star 6
    Welcome to the Jedi Council Forums!!

    This is a great start to a story, I hope you continue!
    And your first fanfic?? Wow! =D=

    LOVED this!

    Great job!
    AzureAngel2 likes this.
  4. WarmNyota_SweetAyesha Force Ghost

    Member Since:
    Aug 31, 2004
    star 7
    Welcome and terrific idea and start =D= I also think your user name is lovely. :cool:
    AzureAngel2 likes this.
  5. serendipityaey Jedi Master

    Member Since:
    Jan 24, 2004
    star 4
    Very interesting start! Love Obi/oc. Tag or message if you can please :)
    AzureAngel2 likes this.
  6. Viridian-Maiden Jedi Knight

    Member Since:
    Aug 14, 2013
    star 1
    The Owner of the Astromech

    I had first met the Jedi several months before, at a club in the Water District, where I had gone to meet a small group of semi-officials from around Theed and some of the closer regions of Naboo.

    The past few weeks had brought continually bad news about the Republic’s ability to continue functioning under the strain of war with the Separatist Coalition. The war, it seemed to me, had dominated all conversation, thoughts, and official business for several years. Although the fighting had been pushed mainly to more remote systems, Naboo felt the stress of the war in small ways.

    There had been some increase in traffic to the planet for several months; fighters looking for short refuge from the roughness of the colonies, briefly refueling, or repairing their ships on their way to the Core. But beyond the number of individual fighters and long-range cargo crews, the increase we saw in traffic to the surface was only a small part of the larger fleet of starships that Naboo had to endure stationed outside its atmosphere. While mainly a galactic peacekeeping force determined to maintain senate control over the planet’s resources, it seemed the presence of the fleet was a different kind of siege.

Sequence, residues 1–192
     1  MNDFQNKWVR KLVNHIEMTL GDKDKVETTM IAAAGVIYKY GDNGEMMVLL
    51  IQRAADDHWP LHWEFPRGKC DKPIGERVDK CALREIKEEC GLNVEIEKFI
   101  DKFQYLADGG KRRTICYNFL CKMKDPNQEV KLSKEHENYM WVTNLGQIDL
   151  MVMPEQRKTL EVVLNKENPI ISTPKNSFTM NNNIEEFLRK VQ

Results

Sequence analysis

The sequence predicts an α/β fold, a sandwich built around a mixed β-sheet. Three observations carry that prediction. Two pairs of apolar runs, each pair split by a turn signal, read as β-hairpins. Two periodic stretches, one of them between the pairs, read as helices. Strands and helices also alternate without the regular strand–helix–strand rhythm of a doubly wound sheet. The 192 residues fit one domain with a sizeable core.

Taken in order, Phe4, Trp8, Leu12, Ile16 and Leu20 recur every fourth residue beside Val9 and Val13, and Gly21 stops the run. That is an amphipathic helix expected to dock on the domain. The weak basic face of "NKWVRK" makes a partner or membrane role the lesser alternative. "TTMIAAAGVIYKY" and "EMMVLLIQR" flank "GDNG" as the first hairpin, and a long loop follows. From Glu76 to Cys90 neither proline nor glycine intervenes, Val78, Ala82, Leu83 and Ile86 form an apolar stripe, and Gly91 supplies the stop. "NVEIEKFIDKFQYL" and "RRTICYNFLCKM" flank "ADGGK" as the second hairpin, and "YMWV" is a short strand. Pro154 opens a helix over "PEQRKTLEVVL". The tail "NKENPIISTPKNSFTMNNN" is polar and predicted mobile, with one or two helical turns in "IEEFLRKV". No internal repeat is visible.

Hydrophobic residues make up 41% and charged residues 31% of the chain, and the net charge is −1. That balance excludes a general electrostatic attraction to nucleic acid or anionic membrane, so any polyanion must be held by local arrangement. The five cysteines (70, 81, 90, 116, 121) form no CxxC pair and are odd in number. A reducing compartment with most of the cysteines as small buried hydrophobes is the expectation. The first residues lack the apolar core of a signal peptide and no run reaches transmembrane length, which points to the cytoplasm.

“Are things as bleak for you?” Sabé asked just after I sat down. Cade Chanden, an under-secretary of Theed City, shrugged at me, looking somewhat bored with the conversation although he soon exclaimed:

    “Even if it were, the Alderaanian army will mobilize. What wouldn’t the Separatists, or the Army of the Republic for that matter, fear from their fleet of destroyers and their ultra-enlightened weapons?” He laughed.

    I found the joke to be in bad taste and did not respond. Alderaan had not had a standing army in years, and it had become the subject of many jokes around the galaxy. Nonetheless, Alderaan supplied a good amount of fighters to any cause, and I very much doubted that we could be left behind or easily swept away if ever there were a need for us to engage. Sabé and Cade rarely brought up Alderaan when we spoke, but I knew they also rarely forgot that I had not been born on Naboo.

    A few moments later Si Nhala’s friendly, accented voice reached the table and she sat down to join with Sabé and Cade in gossip about one of Theed’s newest undersecretaries. I was interested in what she might know, since her siblings told her things we didn’t get to hear at higher levels.

    I surveyed the room restlessly, listening to Nhala but wanting to ignore Cade’s comments on any subject. I had not been to that particular location for some time, but I was at least familiar with most of the people who frequented it. It was an odd favorite, popular both with officials and lower levels of society, like the mechanics who maintained Theed’s complex system of waterways.

    Looking around briefly, I laid eyes on a Jedi knight who had just entered, only the slight contours of his face visible among the shadows of a hood. It was his demeanor and clothing gave him away, but I could also spot a small glimpse of his saber’s silver hilt at his waist.

    He was followed by a small astro-droid who briefly poked around the tables and then settled within arms-length of its human owner next to a vintage service bot. The Jedi glanced fleetingly around, but only sat near the door and began quietly talking with someone I believed to be a member of the palace fleet-keepers. I turned back to Nhala and her story about the undersecretary.